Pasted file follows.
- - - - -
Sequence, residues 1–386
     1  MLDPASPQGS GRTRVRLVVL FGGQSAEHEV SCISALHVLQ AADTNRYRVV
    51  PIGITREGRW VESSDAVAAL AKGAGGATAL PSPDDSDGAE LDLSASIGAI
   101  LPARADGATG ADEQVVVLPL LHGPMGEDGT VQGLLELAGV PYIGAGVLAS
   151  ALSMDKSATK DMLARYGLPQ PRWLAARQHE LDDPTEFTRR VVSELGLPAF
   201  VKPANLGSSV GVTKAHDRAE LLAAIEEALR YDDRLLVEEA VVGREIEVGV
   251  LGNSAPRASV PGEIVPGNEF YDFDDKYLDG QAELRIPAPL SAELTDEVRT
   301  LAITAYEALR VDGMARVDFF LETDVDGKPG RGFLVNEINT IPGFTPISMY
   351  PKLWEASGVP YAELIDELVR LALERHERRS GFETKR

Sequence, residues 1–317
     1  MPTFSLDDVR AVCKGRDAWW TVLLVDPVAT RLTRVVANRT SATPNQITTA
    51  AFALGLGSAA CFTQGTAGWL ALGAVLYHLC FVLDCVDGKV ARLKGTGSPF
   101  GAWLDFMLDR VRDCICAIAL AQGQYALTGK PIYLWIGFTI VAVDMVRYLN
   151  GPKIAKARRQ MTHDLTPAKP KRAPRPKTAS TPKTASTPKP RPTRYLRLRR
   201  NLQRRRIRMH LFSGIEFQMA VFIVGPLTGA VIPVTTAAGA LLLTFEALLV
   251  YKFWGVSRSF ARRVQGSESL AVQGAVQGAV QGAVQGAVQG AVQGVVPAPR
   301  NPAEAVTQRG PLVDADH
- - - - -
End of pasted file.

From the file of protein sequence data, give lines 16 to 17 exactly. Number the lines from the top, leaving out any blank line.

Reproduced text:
   251  YKFWGVSRSF ARRVQGSESL AVQGAVQGAV QGAVQGAVQG AVQGVVPAPR
   301  NPAEAVTQRG PLVDADH